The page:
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    Ha ha! You (iGak) posted basically the same thing Khai emailed me this afternoon! I just checked and you are right, I have the drawbar on top of the retaining nut. As I've been using quick-change tooling it hasn't been too much of an issue and I've not had to bang on the drawbar to loosen anything yet but it's still a nice feature and now things engage MUCH better - thanks much for posting that!!

    -Mike

    P.S. I'll edit my review in a few minutes to remove that complaint as it no longer exists



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    Keep the "lock" nut open by a couple turns as it's not necessary to have it fully closed. That way just backing off the drawbar releases whatever's in the spindle.



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    Yup, very slick setup. It wont let me edit my original post anymore so I'll just say that the spindle drawbar complaint is no longer valid - mea culpa!

    -Mike



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    Well what did you mill!



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    Ha, the big run is this weekend. I'll upload actual pictures after that. I need to properly level out my fixture plate first and secure it down better. It's BADLY out of level as the way I raised the vises is only kinda accurate. I'll replace it in the future once I get the whole machining pipeline flowing properly.

    I just finished building my own coolant system using the pump I linked above. Only problem is that with enough flow to keep chips good and away the little strainer starts to block. Since the pump can handle debris up to 3/16" (which is bigger than anything I cut) I've removed the little strainer for this initial set of tests. Think I might just need to make a better strainer or a second drain on the other side in the end. It's clearly still not an ideal solution. The new pump could easily overfill the entire coolant tray if the drain blocks for more than a few minutes. Any suggestions here?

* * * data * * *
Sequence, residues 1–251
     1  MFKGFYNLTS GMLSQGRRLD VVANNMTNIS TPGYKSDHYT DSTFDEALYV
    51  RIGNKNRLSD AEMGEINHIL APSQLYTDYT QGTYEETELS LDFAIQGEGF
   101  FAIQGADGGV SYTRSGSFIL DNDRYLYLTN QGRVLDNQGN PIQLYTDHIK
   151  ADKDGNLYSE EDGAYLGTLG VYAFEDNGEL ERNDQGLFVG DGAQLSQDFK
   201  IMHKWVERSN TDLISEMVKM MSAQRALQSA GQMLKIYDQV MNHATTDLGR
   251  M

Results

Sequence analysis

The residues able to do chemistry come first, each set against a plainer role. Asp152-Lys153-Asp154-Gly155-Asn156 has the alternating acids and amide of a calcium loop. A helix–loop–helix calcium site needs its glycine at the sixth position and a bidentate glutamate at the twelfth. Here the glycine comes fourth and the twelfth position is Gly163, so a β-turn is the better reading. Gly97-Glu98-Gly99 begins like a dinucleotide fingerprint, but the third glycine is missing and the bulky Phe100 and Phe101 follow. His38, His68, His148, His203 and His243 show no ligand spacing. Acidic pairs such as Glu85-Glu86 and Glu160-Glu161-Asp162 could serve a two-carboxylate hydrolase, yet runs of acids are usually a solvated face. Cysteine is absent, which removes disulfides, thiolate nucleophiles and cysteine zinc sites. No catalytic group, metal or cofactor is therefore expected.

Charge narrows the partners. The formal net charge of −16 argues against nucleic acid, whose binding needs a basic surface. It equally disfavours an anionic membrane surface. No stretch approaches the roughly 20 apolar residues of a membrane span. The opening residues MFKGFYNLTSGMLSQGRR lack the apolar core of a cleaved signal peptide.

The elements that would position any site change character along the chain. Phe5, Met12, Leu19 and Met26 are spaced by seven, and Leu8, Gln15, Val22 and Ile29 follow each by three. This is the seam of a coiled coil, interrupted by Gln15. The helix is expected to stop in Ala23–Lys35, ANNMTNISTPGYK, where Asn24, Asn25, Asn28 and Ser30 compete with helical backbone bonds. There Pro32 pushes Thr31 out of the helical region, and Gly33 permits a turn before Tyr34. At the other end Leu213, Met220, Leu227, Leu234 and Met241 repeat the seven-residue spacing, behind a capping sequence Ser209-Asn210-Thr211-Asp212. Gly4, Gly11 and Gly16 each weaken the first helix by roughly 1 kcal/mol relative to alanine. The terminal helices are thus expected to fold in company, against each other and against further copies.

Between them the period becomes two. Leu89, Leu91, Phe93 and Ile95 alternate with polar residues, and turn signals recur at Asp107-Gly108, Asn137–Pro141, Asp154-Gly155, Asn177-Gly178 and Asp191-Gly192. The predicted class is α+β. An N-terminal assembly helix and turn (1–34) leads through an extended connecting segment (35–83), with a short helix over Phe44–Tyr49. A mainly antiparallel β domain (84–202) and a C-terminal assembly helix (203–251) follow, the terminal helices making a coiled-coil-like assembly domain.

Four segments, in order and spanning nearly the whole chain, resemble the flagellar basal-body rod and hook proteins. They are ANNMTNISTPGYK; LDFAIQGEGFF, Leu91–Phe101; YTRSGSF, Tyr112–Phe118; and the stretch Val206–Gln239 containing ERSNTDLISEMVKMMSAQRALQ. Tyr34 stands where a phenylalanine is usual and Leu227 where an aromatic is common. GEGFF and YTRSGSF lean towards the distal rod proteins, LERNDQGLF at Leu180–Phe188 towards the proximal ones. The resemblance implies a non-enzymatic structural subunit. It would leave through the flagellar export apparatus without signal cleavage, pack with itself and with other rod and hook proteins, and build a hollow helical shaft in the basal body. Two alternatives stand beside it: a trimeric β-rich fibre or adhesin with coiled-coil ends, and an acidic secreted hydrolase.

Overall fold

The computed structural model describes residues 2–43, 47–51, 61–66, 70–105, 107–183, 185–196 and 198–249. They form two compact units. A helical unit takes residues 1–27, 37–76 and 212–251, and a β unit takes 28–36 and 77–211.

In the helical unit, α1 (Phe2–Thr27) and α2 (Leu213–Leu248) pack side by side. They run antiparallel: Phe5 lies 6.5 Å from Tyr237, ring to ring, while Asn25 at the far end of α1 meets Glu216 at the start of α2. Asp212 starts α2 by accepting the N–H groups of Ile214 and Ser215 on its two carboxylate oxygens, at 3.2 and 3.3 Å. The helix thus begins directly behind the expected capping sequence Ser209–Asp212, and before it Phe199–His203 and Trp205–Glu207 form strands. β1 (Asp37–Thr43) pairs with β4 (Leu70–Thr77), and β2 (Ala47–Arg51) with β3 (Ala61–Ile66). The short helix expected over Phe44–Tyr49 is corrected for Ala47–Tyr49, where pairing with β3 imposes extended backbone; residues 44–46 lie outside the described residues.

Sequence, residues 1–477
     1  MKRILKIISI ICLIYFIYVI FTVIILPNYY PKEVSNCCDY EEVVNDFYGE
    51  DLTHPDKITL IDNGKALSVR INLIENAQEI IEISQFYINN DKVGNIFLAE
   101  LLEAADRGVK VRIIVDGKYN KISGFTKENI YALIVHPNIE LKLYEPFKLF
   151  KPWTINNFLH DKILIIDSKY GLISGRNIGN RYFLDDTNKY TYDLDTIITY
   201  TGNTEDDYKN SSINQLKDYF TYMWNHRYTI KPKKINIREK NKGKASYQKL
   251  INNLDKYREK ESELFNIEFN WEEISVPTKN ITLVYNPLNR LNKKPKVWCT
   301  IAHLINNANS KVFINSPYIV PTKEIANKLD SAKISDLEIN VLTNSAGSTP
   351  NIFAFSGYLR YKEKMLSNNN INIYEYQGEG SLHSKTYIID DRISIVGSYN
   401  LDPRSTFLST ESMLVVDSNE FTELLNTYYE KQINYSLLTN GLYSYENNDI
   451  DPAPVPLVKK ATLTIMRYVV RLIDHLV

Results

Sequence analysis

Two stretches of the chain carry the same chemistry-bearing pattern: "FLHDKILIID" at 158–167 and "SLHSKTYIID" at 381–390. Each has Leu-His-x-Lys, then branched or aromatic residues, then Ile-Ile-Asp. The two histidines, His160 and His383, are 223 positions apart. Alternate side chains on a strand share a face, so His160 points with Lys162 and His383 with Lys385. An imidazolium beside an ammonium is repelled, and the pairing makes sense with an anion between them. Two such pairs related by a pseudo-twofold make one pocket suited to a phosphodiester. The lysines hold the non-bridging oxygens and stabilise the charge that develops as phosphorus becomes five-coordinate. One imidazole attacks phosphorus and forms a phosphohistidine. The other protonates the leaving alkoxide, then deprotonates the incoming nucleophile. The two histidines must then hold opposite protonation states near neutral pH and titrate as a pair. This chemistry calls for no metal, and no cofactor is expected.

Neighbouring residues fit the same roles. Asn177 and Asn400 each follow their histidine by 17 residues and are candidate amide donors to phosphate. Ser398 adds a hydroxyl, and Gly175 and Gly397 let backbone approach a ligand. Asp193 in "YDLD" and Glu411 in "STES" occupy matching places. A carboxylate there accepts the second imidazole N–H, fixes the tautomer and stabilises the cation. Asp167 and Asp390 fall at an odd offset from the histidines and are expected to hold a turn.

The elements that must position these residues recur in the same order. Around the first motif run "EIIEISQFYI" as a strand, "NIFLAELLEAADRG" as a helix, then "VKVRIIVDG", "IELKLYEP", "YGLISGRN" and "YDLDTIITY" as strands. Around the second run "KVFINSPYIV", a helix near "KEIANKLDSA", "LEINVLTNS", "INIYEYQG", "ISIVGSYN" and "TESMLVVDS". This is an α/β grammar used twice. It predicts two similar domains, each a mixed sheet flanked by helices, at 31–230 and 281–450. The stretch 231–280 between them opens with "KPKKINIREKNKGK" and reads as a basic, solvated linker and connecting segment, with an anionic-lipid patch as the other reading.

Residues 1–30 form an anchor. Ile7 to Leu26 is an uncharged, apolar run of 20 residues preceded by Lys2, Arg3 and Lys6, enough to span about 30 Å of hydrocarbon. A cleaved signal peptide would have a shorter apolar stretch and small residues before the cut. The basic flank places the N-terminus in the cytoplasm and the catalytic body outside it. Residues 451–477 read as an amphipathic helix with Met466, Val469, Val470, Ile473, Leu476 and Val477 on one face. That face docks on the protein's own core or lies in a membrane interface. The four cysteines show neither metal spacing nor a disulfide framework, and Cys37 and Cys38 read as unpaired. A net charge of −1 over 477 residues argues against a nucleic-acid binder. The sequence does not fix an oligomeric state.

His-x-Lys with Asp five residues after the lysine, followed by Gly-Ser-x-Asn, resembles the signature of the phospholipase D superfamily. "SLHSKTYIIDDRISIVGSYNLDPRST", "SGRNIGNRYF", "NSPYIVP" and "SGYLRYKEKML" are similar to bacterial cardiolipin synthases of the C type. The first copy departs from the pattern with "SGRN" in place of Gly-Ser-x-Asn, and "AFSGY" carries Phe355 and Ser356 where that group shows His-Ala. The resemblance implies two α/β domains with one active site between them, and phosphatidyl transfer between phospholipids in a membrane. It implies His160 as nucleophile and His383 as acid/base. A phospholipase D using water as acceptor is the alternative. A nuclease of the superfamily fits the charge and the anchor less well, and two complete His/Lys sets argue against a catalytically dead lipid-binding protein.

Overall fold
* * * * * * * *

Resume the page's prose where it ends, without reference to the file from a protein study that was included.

I have attached a screenshot of what I tested with this weekend. That is a partial part of 3 orders. I just sold 30 orders this week so I really need to put the spurs to the machine. One trick I've learned with Visual Mill using drawings from CAD is to create those little washers you see in the image in CAD where you want your fixture tie-downs to be. Then you can use them to drill holes in the blank sheet of material and bolt it down to the jig. It's quite hard to organize and lay things out in Visual Mill but trivial in a good CAD package so I lay all of this out against a helper model that matches my fixture plate.

    Additionally, the little "L" shaped thing at the top is used as a home point for all operations. Visual Mill is good at moving everything around to make a box of stock around parts and giving you a home point. I had no end of trouble getting it to use the home point where I wanted it though so I made that little indicator inside of CAD and it becomes a part of the assembly I use in Visual Mill. Then I just tell VM to use the upper left of the geometry as the home point and I'm golden. Since the fixture plate is used (but not exported) as part of the CAD assembly, everything lines up perfectly every single time. Works great. I should probably create a little tutorial on this as it was a lot of painful trial and error to figure it out and I didn't see anyone else explaining it already. Would this be useful to the community?

    Thanks!

    -Mike

    Attached Thumbnails Attached Thumbnails Novakon NM-200 S2 Review-cut-paths-jpg  


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    Can't wait to see how those come out.

    Remember to post Speeds, Feeds and DOCS



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    Quote Originally Posted by webgeek View Post
    Additionally, the little "L" shaped thing at the top is used as a home point for all operations. Visual Mill is good at moving everything around to make a box of stock around parts and giving you a home point. I had no end of trouble getting it to use the home point where I wanted it though so I made that little indicator inside of CAD and it becomes a part of the assembly I use in Visual Mill. Then I just tell VM to use the upper left of the geometry as the home point and I'm golden. Since the fixture plate is used (but not exported) as part of the CAD assembly, everything lines up perfectly every single time. Works great. I should probably create a little tutorial on this as it was a lot of painful trial and error to figure it out and I didn't see anyone else explaining it already. Would this be useful to the community?

    Thanks!

    -Mike
    Mike,
    I'd love to see a tutorial on this technique if you have the time. Seems like a real time and frustration saver.

    Curtis